Week 2 – Reading Blog

Week 2 – Reading Blog

Chapter 4

The idea of building versatile and expandable applications instead of one shot quick fixes makes perfect sense to me. There were a few times that I probably spent too much time on what should have been a quick and dirty solution, but the lost time was more than made up for by the situations where I had worked hard to design a well rounded application and it saved the company, and myself, from having to reinvent the wheel each time a similiar problem came along. I also have alot of experience in what the text calls the Good Enough Way. Sometimes the best way to figure out what features and fixes a system needs is to build a prototype and throw it into the deep end. The end users are the folks who really dictate whether an application is successful, so getting early feedback before things are so finalized that flexibility is lost is invaluable.

I haven’t had much experience in team work or collaborative projects. Generally I’m the type of worker who realizes that the rest of the team has no freaking idea what to do, so I just pull back and implement my own solution. After seeing my end results on previous projects, managers usually just tell me what they need and leave the rest of the details to my judgement and ingenuity. I think it would be nice working with a group that can actually match my game for once. The final comment in this section about specialists versus jack-of-all-trades designers seems strange to me. Generally I pick one facet of a project and learn everything I can about that one area, and inevitably I end up picking up the rest of the details in the process. I’ve never been one to go looking for an expert to finish parts that I don’t understand. Typically I will pick the experts brain to get a basic grounding in the unknown area, and then once I have my feet wet I just start exploring and experimenting until I can do what needs to be done.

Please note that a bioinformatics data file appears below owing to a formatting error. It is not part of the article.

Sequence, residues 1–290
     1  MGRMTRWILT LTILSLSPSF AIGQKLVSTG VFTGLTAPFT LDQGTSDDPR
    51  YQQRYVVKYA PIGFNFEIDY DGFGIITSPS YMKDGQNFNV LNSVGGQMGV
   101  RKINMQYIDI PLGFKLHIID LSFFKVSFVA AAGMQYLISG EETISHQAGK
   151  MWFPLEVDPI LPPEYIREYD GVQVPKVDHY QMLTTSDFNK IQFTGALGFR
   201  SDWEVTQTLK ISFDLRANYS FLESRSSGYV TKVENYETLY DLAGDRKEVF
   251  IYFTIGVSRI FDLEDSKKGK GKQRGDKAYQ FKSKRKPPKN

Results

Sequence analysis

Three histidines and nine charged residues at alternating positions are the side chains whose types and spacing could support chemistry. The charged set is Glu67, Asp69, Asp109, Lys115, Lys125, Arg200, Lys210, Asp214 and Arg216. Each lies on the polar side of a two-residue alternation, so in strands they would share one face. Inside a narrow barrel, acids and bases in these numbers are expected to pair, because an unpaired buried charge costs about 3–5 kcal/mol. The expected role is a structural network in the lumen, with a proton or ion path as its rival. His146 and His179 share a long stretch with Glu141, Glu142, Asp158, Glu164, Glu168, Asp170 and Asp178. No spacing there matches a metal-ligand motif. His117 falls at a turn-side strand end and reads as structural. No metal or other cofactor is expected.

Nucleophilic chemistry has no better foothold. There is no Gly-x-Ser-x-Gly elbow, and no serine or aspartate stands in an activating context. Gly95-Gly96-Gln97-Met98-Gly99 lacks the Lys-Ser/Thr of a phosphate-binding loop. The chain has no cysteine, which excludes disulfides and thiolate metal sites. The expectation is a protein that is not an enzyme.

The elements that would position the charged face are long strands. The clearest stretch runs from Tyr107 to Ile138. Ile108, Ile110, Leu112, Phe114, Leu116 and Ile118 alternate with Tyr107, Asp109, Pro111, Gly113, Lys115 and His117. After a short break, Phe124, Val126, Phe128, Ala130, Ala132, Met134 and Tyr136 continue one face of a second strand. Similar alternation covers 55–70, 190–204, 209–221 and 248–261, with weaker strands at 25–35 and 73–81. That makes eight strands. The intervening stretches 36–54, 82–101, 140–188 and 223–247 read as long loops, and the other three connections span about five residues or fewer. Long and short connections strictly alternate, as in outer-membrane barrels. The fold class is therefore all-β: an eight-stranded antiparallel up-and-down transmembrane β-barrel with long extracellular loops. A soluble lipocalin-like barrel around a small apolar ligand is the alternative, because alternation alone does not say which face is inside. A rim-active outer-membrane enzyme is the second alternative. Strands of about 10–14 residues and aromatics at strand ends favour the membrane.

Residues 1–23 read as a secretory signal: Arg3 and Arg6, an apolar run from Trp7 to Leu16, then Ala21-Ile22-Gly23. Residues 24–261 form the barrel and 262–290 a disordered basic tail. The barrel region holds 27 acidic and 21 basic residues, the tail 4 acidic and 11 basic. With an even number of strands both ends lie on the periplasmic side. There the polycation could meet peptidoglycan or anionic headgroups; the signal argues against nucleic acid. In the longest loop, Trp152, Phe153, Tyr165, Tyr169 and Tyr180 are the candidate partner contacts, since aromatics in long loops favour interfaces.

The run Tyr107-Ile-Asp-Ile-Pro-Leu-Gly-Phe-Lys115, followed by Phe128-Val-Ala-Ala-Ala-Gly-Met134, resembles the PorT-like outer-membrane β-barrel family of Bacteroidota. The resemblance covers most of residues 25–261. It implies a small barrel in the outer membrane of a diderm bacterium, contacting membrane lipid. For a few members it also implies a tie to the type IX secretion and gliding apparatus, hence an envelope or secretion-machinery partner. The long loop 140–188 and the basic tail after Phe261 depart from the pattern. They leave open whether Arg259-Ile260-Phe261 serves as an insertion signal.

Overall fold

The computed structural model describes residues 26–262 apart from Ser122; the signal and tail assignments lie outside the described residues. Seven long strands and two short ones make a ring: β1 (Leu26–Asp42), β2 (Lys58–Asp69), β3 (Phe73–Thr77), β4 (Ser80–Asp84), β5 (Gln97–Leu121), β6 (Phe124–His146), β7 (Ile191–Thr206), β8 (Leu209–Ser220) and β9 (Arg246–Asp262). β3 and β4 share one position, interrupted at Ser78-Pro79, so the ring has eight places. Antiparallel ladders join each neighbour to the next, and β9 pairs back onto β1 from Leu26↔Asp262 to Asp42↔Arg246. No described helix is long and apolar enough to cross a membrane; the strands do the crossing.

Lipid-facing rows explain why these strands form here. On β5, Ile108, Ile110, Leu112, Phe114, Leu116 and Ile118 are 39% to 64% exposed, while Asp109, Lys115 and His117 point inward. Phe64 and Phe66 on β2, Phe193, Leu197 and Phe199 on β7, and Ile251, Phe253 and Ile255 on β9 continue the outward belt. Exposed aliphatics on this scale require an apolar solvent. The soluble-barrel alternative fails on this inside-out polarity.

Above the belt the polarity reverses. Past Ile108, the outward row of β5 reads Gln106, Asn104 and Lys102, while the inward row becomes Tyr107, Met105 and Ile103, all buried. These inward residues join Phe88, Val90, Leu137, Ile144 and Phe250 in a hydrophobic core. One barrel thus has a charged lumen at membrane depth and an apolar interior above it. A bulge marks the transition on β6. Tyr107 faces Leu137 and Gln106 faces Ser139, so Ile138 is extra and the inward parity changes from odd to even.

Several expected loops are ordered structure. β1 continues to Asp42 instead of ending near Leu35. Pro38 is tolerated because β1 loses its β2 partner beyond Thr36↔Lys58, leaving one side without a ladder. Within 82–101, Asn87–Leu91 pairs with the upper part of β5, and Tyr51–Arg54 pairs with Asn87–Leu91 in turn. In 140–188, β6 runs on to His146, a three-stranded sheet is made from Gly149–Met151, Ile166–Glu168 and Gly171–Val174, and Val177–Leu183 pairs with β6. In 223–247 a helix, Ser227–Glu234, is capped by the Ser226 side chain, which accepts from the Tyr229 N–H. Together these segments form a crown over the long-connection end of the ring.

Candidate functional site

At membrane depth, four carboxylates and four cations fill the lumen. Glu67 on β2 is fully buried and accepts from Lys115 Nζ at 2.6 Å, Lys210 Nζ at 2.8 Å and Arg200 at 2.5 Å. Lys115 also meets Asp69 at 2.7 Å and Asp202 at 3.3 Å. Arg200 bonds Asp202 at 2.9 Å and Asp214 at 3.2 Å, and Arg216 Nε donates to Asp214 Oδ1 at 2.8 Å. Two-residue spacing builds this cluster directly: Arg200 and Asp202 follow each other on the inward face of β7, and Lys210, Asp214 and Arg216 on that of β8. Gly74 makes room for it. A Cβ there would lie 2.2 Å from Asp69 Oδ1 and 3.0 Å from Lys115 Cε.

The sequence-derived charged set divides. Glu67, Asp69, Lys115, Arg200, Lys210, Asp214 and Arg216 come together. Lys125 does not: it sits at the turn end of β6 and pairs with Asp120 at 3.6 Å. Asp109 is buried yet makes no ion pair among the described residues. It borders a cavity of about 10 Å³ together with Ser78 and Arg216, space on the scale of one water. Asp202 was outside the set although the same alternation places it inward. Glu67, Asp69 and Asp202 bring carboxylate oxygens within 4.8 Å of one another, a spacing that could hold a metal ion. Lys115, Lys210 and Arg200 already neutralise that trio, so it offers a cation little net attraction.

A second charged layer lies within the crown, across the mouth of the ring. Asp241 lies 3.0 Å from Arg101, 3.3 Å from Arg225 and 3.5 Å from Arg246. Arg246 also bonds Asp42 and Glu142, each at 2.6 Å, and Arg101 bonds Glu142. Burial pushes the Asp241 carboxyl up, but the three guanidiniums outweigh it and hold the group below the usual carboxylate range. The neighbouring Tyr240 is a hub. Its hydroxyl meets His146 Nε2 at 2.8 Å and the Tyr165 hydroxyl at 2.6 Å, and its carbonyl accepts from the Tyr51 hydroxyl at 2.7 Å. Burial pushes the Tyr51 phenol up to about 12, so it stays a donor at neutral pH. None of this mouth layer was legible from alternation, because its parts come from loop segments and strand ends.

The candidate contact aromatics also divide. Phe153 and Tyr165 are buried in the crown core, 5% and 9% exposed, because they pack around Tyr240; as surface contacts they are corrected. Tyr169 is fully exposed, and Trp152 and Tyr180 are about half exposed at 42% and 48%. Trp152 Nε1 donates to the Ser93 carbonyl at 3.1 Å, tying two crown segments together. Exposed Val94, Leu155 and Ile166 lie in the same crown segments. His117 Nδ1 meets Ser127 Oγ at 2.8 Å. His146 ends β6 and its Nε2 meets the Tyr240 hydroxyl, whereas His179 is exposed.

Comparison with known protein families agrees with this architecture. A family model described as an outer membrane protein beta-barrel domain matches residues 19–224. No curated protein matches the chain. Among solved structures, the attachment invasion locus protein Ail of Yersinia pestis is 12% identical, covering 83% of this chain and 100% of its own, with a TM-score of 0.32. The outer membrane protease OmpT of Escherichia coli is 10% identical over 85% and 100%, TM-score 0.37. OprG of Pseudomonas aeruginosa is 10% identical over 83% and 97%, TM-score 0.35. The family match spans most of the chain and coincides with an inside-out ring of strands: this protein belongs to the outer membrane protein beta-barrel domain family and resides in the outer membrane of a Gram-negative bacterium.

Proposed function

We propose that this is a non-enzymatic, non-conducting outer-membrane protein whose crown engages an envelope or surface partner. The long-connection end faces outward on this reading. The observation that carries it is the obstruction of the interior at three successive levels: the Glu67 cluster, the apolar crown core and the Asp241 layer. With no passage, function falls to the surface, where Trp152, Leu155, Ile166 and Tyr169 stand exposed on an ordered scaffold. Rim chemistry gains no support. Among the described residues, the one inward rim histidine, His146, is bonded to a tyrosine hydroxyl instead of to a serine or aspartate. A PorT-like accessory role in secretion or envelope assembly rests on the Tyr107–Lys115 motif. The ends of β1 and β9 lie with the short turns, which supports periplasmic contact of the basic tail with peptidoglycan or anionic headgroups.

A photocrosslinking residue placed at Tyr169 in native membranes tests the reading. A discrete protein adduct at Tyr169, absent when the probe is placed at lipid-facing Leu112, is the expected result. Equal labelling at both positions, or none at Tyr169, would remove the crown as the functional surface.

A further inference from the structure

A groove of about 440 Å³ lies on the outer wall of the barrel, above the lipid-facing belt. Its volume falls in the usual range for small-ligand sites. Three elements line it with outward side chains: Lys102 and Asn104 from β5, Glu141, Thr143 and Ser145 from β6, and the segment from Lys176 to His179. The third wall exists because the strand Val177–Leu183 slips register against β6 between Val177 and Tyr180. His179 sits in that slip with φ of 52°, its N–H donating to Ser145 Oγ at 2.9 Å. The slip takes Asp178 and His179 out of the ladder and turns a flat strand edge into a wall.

Maybe it’s just me but the Daylife.com interviewee, Tom Tercek, sounds more like a glad handing salesman with a pocket full of buzz words, than a designer. I like the concept of a self organized news feed site though, probably worth looking into.

Chapter 5

Picked up a wierd twist in this chapter. The first section felt like a Worlds Fair, golden technological utopia speech, but the paranoia about government and cooperate servailence slowly started to creep in. By the end of ‘The Internet of Things’ section I felt like Phillip K. Dick was tapping me on the shoulder and whispering ‘I told you so.’ How will we possible implement decent security when any store that you enter can dig up all of your purchase data, and credit information at the press of a button. It feels like waking up and seeing Donald Trump rifling your underwear drawer. With RFID data this wide spread, it is inevitable that receivers, and the personal data they receive, will fall into the wrong hands. That is if there are any right hands for that kind of power.

Small-screen Television

Cell phone technology is directly related to Moore’s Law. Every year they seem to get twice as complex, with extra gadgets and applications that the average user neither wants nor needs. Seems to be a nitch for a company that can custom make mobile devices to an individuals specifications. Service providers and manufacturers are cannoodling like all get out, but the offspring usually is some wierd mutant that flips around like a Swiss Army Knife and has extra cameras, antennas and toothpicks slapped onto every available surface that isn’t plastered with logos. Since custom built computers are eminently practical and easily available why not mobile devices. And the operating system for this custom built dream device should be open source with user designed applications and plug-ins readily available.
While I can dream, can’t I.

Master Class – An Interview with Hugh Dubberly

Enough with the damn bullet lists already.

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